As the reviews poured in for David Foster Wallace's posthumous and unfinished The Pale King, it became evident that most reviewers took an almost perverse glee in declaring the book was "about" boredom. Michiko Kakutani's review of the novel for the New York Times, for instance, claims, "[n]ot surprisingly, a novel about boredom is, more than occasionally, boring" and wonders if Wallace, at times, "wanted to test the reader's tolerance for tedium." In a long piece for The London Review of Books praising Wallace and his work, even Jenny Turner admits, "much of The Pale King I found completely deadly." Perhaps Sam Anderson, writing for the New York Times Magazine, put it most succinctly: "Wallace seems to have posed, to himself and to his readership, a sadomasochistic challenge: a novel devoted to the world's least-appealing-possible subject." These responses are fairly representative of many of the major reviews of The Pale King that were quite positive in their assessment of the novel but continued to muse upon what ways, to borrow the words of the purported narrator David Wallace, the novel says "something about dullness, information, and irrelevant complexity. About negotiating boredom as one would a terrain, its levels and forests and endless waters" (85).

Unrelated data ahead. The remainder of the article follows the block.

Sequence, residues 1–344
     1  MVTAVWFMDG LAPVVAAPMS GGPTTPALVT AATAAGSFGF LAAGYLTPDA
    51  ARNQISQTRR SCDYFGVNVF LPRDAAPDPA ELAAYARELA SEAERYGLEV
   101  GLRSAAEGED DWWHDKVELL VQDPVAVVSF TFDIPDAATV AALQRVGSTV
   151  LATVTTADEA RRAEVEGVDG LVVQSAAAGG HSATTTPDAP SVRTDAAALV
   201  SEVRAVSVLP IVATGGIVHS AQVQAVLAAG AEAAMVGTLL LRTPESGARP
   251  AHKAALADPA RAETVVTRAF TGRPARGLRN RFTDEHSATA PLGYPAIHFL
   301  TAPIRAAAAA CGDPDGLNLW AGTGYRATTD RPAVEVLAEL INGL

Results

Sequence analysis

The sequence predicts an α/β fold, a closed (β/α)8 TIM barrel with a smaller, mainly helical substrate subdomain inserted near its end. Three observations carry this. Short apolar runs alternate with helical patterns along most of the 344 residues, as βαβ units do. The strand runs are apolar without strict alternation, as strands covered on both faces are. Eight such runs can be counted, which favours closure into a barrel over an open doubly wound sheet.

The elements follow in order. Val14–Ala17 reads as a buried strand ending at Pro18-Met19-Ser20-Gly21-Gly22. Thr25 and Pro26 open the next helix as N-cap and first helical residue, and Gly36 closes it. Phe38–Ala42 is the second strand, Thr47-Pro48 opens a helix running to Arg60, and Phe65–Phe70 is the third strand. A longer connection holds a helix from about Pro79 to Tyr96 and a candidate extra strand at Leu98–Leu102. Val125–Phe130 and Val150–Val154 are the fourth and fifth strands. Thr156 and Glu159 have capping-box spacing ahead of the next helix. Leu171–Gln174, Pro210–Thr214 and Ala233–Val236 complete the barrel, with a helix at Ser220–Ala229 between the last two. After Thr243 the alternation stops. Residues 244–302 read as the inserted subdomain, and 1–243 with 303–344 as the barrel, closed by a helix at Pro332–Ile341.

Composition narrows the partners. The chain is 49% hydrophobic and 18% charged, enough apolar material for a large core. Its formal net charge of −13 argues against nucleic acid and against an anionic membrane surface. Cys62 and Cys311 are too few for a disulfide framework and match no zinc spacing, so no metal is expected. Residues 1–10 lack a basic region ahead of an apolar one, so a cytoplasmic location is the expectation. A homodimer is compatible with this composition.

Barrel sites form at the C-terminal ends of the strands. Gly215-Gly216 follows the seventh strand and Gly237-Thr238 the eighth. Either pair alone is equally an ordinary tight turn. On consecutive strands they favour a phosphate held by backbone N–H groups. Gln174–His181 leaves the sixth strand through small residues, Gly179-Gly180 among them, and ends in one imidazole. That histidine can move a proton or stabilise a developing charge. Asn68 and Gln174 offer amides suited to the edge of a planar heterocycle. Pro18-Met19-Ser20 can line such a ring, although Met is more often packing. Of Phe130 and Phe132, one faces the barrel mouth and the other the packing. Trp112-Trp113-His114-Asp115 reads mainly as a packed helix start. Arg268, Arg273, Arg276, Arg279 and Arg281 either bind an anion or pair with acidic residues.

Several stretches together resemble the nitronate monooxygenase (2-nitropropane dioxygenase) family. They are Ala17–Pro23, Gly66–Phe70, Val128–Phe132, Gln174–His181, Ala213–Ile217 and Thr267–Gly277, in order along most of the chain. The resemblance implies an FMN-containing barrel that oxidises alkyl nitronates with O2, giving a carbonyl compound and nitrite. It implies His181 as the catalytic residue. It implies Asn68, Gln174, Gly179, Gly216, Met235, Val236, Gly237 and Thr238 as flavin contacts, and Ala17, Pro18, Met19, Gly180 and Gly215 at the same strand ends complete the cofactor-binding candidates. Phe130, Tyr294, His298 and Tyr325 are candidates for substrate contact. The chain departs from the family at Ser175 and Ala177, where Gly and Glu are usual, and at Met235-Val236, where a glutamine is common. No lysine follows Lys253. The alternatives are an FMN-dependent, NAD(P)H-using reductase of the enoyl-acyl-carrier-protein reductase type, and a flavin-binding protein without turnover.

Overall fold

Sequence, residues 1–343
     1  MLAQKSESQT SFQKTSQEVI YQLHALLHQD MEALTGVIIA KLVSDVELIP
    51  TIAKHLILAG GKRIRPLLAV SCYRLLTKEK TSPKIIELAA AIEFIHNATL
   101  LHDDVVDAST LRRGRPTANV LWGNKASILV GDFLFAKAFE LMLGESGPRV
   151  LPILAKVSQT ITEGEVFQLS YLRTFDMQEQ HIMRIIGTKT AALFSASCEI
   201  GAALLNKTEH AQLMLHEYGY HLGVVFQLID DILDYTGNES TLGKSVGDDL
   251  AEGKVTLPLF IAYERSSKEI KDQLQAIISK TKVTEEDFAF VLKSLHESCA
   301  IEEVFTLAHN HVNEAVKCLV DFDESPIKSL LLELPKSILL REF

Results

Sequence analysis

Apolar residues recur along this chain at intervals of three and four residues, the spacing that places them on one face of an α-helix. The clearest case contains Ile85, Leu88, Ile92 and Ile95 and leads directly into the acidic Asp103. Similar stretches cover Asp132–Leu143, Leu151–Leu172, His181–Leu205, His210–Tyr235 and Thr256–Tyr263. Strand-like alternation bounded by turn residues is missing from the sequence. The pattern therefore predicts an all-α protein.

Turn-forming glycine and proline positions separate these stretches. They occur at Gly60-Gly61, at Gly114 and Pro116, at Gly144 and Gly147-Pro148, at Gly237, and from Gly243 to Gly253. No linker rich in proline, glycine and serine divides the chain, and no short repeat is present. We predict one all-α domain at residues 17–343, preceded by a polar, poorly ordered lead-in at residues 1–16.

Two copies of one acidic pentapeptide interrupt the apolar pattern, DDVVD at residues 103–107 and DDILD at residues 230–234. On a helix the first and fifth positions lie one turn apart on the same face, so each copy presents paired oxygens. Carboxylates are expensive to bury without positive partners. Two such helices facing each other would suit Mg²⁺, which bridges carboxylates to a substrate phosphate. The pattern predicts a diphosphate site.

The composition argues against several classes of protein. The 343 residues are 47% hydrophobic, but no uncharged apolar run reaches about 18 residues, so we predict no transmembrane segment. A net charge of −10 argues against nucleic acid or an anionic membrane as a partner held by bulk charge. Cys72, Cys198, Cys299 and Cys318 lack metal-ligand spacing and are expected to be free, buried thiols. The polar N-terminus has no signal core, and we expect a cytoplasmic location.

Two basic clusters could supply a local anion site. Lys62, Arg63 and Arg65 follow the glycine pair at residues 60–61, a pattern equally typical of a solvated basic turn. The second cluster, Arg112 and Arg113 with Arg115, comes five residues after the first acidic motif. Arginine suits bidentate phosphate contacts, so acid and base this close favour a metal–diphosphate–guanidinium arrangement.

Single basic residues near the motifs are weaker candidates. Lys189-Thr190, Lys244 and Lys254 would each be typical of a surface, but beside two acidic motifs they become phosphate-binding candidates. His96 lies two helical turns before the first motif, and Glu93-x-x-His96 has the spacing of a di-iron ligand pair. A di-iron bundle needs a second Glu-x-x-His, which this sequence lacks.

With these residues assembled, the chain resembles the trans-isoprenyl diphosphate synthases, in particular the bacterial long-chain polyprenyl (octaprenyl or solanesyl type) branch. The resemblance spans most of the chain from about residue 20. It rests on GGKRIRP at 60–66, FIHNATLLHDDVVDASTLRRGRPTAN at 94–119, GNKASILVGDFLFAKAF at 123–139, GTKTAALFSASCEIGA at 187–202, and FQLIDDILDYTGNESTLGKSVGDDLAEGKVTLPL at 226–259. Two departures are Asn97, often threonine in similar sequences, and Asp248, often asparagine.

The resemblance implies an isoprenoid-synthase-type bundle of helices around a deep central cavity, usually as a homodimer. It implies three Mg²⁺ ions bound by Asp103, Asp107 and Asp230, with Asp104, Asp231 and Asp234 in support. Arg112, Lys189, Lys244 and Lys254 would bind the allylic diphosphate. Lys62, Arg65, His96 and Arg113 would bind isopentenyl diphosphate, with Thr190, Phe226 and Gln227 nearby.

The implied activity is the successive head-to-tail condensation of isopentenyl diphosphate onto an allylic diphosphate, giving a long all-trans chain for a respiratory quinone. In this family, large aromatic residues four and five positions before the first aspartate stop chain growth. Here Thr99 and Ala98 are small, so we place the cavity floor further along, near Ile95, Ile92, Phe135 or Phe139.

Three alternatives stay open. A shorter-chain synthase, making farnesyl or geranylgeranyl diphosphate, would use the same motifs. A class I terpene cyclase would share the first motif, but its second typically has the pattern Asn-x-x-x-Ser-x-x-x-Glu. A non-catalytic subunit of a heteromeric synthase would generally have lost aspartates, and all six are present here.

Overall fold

Available at: http://works.bepress.com/ralph_clare/27/